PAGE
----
How Gunmakers May Benefit From Mass Shootings
MAmerica is seeing more ass shooters. 5 years ago, 358 incidents like this were reported. These are shootings where four or more persons are hurt. There were 692 of these incidents last year. By mid-June, there were 252. While the outcry about them is nearly universal—and more than half of Americans favor stricter gun laws—studies show that mass shootings often precede an increase in gun sales and a rise in the share prices of publicly-traded firearms manufacturers. In other words, they can be good for gunmakers’ bottom lines.
On May 24, the day a shooter opened fire on elementary students in Uvalde, Texas, stocks in Sturm, Ruger & Co. were trading at $63.62. They traded at $68.57 a week later, hovering around $66 later. Smith & Wesson Brands Inc. had an even steeper climb, rising 9.4% from $13.93 to $15.24 in one day, and have traded around $15 since.
The reason for an increase in share buying could be because gun sales tend to spike following a gun tragedy. The number of FBI firearm background check requests—one measure of how many guns are being sold—rose above May’s monthly average in the days following the Uvalde elementary school killings.
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Background checks don’t always correlate with the number of guns sold, but a longitudinal study conducted in 2021 by trauma surgeons at University of California Davis correlated 20 years worth of mass shooting events with actual gun sales in California. The study examined the top 20 mass shootings from 1996 to 2015. It also looked at all school shootings that occurred during that time. Gun sales increased in the following 30 days and then again in December.
“Although we can’t stipulate definitive causality, our thought was that in California new gun regulations go into effect January 1 every year,” says Dr Rachael Callcut, the lead author of the study. She acknowledges that gun buyers might also be shopping for holiday gifts in December. The authors think mass shootings cause a “pile-on” effect. People not only purchase guns to protect themselves from armed attackers in the days after the event, they also purchase guns before the year’s end to hedge against the implementation of any firearms bans the mass-shooting generates.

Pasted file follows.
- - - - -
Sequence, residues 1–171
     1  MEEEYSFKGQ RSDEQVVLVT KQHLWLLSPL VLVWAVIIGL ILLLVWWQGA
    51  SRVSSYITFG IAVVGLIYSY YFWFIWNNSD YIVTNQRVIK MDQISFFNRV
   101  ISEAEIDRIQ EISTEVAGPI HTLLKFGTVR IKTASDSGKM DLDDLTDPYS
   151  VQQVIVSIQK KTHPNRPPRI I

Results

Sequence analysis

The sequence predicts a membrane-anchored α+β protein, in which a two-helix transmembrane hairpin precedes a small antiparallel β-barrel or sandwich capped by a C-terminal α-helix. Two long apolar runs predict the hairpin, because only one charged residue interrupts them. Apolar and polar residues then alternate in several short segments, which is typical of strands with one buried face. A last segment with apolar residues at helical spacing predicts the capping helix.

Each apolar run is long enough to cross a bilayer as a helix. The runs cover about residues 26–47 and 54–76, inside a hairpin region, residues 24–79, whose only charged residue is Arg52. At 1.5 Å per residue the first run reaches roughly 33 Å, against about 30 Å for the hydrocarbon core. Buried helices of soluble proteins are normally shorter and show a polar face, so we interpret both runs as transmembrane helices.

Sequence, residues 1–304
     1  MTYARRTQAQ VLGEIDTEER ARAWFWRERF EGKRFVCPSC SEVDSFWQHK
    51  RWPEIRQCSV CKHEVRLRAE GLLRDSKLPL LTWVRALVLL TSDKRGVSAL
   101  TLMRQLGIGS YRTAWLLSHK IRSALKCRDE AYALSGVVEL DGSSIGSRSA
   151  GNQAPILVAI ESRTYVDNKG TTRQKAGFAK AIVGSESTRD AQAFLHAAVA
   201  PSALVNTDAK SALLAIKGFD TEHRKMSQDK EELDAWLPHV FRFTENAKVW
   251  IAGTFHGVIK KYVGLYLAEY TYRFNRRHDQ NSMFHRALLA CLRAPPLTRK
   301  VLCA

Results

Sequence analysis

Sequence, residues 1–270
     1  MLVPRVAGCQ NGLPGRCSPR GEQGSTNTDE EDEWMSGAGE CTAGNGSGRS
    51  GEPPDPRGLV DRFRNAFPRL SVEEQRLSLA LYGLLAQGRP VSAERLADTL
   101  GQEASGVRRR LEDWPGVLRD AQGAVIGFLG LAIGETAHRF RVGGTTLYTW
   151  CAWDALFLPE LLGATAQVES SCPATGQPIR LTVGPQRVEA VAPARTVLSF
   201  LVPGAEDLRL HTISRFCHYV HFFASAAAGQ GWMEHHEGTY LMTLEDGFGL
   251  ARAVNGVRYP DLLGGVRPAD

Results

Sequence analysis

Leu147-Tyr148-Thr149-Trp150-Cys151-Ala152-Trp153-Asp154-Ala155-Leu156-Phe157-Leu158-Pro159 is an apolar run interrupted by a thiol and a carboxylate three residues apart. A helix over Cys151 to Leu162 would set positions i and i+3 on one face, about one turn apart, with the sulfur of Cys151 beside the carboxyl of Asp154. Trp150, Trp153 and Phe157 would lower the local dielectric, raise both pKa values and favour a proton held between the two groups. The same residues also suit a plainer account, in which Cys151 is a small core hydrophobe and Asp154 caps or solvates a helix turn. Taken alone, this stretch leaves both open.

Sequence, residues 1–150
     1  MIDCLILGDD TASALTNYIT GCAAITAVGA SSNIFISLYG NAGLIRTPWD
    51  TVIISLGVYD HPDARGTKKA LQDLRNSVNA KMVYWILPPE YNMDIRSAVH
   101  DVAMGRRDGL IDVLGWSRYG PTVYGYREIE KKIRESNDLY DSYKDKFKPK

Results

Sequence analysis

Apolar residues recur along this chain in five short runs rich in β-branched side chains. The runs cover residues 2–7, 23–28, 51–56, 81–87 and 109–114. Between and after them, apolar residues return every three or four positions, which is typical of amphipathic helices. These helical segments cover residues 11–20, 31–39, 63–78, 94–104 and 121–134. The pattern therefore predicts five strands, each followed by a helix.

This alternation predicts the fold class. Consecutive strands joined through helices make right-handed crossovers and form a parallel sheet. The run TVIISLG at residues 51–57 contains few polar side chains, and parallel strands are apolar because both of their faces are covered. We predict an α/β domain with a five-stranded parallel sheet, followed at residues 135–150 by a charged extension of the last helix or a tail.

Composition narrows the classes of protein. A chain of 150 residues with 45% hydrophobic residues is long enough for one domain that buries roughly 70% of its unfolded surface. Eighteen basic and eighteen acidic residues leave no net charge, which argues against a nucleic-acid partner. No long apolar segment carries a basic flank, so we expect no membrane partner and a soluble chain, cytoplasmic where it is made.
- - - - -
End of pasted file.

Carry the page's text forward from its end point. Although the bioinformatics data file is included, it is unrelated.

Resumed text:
California is the only state to make its gun sale data public, a policy that was approved by the state’s former Attorney General Kamala Harris. The most recent figures, released in 2021, show a “continued escalation of month to month increases in firearm sales in California,” says Callcut. “At the end of our study, there was somewhere between 850,000 to 950,000 firearm sales in California yearly. And in 2020, it’s 1.16 million. So it’s continued to go up every year.”
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It’s not just guns that people want. Right after the Las Vegas massacre in which a gunman killed more than 50 people, demand for bump stocks—the device the shooter had used to enhance the speed at which he could fire—became intense. Slide Fire was the only manufacturer that stopped accepting orders. These devices were then banned and are currently under challenge at the Supreme Court.
It wasn’t always like this. The California data shows that—with the exception of the 1999 school shooting at Columbine High School in Colorado—mass shooting events did not spark a buying spree until 2012. Early in 2011, Rep. Gabby Giffords, along with 18 others from Tucson, Arizona was gunned down. Six people, including a six-year old child, were killed. This was one of three mass shootings in California that occurred during the year. Twenty first-graders were also killed in Sandy Hook Elementary in Connecticut in December 2012. California’s gun laws have been strengthened every year since. The December spike in gun sales has been a result.